BUSHFIRE UPDATE: the scale of the loss in Tasmania this week is beyond words

In Tasmania, the scale of lost is overwhelming.On Sunday 13 January, the International Fund for Animal Welfare (IFAW) team drove into the footprint of the Dunalley, Southeast Tasmania burn area to see for ourselves the scale and intensity of the destruction to the landscape, human settlements and wildlife.

The Arthur Highway had been opened to residents and businesses the day before and we were allowed in today. 

Unless you experience the destruction of wildfires first hand, the scale of the loss in Tasmania this week is beyond words.

Everywhere we saw vast swathes of trees killed by the fires and the heat - still standing but all their leaves burnt off or brown, and the limbs blackened by the fires.

Instead of the characteristic and iconic blue-grey Eucalyptus landscape, the hills and valleys were shades of brown, with dead gum trees in all directions. 

We saw numerous piles of bones - all that was left of brush-tailed possums, pademelons, bettongs and Bennett's wallabies.  

Their bones were white from the intense heat of the fires that swept through so rapidly. 

We encountered an echidna on the side of the road, ambling along looking for some ants. The echidna appeared unharmed, with just some of its quills burnt, but was able to walk along easily.  Just how this ground-dwelling mammal survived the fire is a mystery - and finding food in the burnt landscape will be a major challenge for all echidnas and other survivors!

At every stop, the heavy smell of the fire lingered in the air, a constant reminder of the destruction of earlier in the week. 

We saw numerous sheep in blackened paddocks on either side of the highway.

Their supply of grass in the paddocks gone, burnt off in seconds.

The sheeps' woollen coats were blackened from being singed by the fires and from walking around in the ash that coats the landscape and raises in swirls with every step. The sheep and cattle are now reliant on hay being brought in from elsewhere in the state on trucks - we saw four large trucks in the space of an hour bringing in much-needed hay to livestock in the area.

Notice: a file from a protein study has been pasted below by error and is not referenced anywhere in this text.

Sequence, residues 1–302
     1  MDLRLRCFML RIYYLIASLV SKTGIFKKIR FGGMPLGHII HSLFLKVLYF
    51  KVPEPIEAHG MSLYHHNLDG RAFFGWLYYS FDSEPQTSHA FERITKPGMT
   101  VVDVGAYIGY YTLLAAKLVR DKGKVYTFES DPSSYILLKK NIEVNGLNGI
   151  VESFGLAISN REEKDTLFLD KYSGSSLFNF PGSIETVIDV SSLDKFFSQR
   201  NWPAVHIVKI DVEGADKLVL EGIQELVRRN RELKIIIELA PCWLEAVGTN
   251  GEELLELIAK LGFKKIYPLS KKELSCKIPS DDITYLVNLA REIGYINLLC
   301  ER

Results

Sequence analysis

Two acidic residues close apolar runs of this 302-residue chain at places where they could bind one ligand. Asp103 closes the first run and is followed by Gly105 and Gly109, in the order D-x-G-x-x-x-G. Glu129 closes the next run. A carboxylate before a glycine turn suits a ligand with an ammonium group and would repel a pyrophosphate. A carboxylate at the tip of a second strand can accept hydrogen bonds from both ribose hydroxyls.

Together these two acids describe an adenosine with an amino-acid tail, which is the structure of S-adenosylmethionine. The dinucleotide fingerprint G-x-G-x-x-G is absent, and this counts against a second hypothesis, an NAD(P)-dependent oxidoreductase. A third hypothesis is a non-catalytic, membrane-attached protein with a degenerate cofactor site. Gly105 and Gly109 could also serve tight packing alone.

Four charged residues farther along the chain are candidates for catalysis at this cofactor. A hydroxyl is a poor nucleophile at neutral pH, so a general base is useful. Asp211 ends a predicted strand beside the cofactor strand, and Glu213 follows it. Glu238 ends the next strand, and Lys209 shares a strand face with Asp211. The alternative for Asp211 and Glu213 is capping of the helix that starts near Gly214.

During our travels, we entered Dunalley, the epicentre of the fire in the Southeast, and one of the communities hardest hit - with almost half the houses destroyed in the fire. 

The community response has been rapid and well-orchestrated, and a recovery centre and animal treatment centre were in full operation.  

A number of people were present with their pets, but only a few wild animals had been brought in. 

All of the wildlife affected is being transferred to Bonorong Wildlife Sanctuary (www.bonorong.com.au) and by this past Sunday 13 January, 16 animals had been admitted. 

The IFAW team is currently working to assist local vets in compiling lists of the equipment and supplies they need to treat wildlife and domestic animals.


For more information about our efforts to save animals in crisis around the world, visit our Animal Rescue campaign page.

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Senior Program Advisor
Senior Program Advisor
Brian Sharp, Emergency Relief Officer, Stranding Coordinator
Manager, Marine Mammal Rescue and Research
Céline Sissler-Bienvenu, Director, France and Francophone Africa
Director, France and Francophone Africa
IFAW Veterinarian
Katie Moore, Deputy Vice President, Conservation and Animal Welfare
Deputy Vice President, Conservation and Animal Welfare
Loïs Lelanchon, Animal Rescue Program Officer
Animal Rescue Program Officer
Shannon Walajtys
Manager, Animal Rescue-Disasters
Vivek Menon, Director of IFAW partner, Wildlife Trust of India
Consulting Senior Advisor to the CEO on Strategic Partnerships & Philanthropy